How to Use Uta Pippig’s Advice to Become a Better Runner
Uta Pippig is a three-time champion of the marathons in Boston and Berlin, writer and public speaker for “Take The Magic Step®” and “Running to Freedom™.” She is now also writing for the German daily newspaper “DIE WELT”.
I love the holiday season. Everything shines so colorfully and everywhere the air is sweet with goodies. People are cheerful and start coming up with early first New Year’s resolutions. Some resolve to take up running. Others are already runners and set new goals. Now is a wonderful time to start running—and not only because of the chocolates and gingerbread cookies that need to be burned off. 🙂
My guidance is part of a holistic training approach for body and mind which will help you as you begin your training. Some of my advice will appear in my DIE WELT columns and I will also share it here with you.
In these I also will discuss with you the specific training approach at all performance levels which I have tested in 30 years as an athlete and with my clients. The joy of running—which hopefully you soon will not be able to get enough of either—empowers you with a sense of energy and inner peace. This is an essential part of my philosophy: to feel freedom while running, which brings inner relaxation. The following are my tips for getting started.
Listen to Your Body’s Signals
Signals such as your resting heart rate in the morning, stress and recovery heart rate during and after your training, susceptibility to getting injured or sick, insomnia, lack of appetite or lack of motivation to run are indicators that are worthwhile observing. If you feel an injury or cold developing for example, it is better to take off one or two days and get early help. Look for help from a doctor who specializes in the field most relevant to your condition or injury.
Train According to Your Current Performance Level
Take your time preparing a training schedule that you are able to cope with and that does not overburden you. By building your fitness up slowly and smartly you prevent yourself from “overtraining.” Here “negative splits” are helpful: Cover the second half of your chosen distance faster than the first. The same principle applies to interval and speed workouts. Start each training session easy, with a good and relaxed feeling.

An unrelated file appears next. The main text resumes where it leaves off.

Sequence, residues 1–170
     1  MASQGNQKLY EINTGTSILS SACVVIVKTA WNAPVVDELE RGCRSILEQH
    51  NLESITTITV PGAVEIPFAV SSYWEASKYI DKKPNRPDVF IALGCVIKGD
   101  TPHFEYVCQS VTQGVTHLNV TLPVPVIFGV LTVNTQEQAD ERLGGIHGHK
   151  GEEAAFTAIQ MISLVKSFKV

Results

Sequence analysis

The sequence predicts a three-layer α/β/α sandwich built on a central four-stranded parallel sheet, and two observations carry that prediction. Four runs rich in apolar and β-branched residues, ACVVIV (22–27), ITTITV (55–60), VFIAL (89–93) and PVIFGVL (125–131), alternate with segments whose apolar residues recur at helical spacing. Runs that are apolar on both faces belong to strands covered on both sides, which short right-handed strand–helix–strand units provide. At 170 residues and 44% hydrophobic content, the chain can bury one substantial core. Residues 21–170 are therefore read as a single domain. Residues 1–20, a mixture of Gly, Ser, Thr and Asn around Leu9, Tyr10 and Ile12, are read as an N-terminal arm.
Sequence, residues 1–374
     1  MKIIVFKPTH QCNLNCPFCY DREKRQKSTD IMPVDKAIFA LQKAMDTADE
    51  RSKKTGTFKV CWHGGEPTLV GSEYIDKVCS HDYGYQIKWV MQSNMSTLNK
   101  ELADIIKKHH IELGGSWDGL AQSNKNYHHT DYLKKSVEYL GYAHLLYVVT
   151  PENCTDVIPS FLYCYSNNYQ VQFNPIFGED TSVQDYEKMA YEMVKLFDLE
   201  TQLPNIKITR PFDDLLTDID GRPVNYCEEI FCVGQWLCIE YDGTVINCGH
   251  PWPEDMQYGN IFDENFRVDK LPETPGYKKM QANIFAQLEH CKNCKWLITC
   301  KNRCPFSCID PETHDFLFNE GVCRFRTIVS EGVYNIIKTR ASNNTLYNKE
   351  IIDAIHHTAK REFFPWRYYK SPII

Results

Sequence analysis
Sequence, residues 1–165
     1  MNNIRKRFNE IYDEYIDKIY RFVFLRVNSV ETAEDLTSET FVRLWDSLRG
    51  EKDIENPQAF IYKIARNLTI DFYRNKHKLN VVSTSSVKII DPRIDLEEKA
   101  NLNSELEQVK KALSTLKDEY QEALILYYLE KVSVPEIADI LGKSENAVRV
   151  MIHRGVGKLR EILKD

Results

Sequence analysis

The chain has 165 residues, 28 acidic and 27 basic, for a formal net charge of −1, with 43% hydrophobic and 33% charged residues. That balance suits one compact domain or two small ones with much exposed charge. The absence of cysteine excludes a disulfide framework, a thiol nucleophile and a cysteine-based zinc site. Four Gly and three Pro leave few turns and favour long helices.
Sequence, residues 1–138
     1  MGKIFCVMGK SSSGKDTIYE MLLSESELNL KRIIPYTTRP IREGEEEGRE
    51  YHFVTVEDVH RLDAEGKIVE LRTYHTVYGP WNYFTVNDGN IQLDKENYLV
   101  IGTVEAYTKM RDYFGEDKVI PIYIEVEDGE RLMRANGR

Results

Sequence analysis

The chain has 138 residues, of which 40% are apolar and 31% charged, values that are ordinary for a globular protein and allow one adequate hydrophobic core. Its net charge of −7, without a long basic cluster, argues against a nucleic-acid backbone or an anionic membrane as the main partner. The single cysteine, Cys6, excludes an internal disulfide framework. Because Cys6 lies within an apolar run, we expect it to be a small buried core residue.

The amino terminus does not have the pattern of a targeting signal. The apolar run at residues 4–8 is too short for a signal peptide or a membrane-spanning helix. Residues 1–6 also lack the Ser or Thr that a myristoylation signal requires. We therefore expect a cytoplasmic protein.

Phases of Your Marathon Training
Your preparation comprises a base period, followed by the first build-up period with high mileage and the second build-up period with the highest mileage. At the end you will enter the tapering period (reduction of the mileage) in order to get in top form.
Follow the Concept of Periodization
Plan on enough recovery time during and after each training phase. For example: Two or three weeks of hard and intensive training should always be followed by a week of easier workouts in order to be recovered enough for the next hard phase. Recovery is an important part of training.
Have the Courage to Change Something
Whenever you have the feeling you won’t be able to fulfill your schedule, change your strategy, come up with a new plan that lets you continue your training. Be courageous enough to adapt the time goal you have set for yourself accordingly.
Cross-Training as An Addition and During Periods of Injury
Additional Supportive Training Elements for Running
Complete specific stretching and strengthening exercises—as well as Yoga—after short, relaxed runs. Make sure that your torso is relaxed and your lower back is not causing you any trouble. Avoid stretching after intensive runs in order not to injure yourself, because after heavy strain the muscles are stressed and tired. Core strength exercises contribute to a good running technique as they stabilize the spine and the pelvis.
Establish a Good and Adequate Nutritional Routine
Sufficient fluids per day, especially before, during and after your workout are of great importance. This nutrition routine includes good fats with omega-3, as well as enough carbohydrates. Try to keep in mind the so-called “recovery window,” the period immediately after prolonged exercise in which—preferably within the first thirty minutes—you should eat easily digested carbohydrates in order to replenish the muscles’ energy stores.
Endurance athletes need at least eight hours of sleep each night—even nine, after intensive training days—in order to adequately recover physically and mentally, strengthen the immune system, and build and repair muscles. Try to find a harmonic way to combine work, family, and friends with your training and necessary recovery.
I wish you lots of success and above all fun and joy while running.
Adapted from my column „Mit Uta Pippigs Tipps werden Sie zum besseren Läufer“ in DIE WELT with permission.
*Uta Pippig, 51, is one of the most successful female marathon runners of the ’90s. She has won Berlin and Boston three times each. Today she lives in Berlin, Germany, and in Boulder, Colorado, and with her organisation “Take The Magic Step®” she commits herself to increasing people’s awareness in the areas of fitness, nutrition and health.
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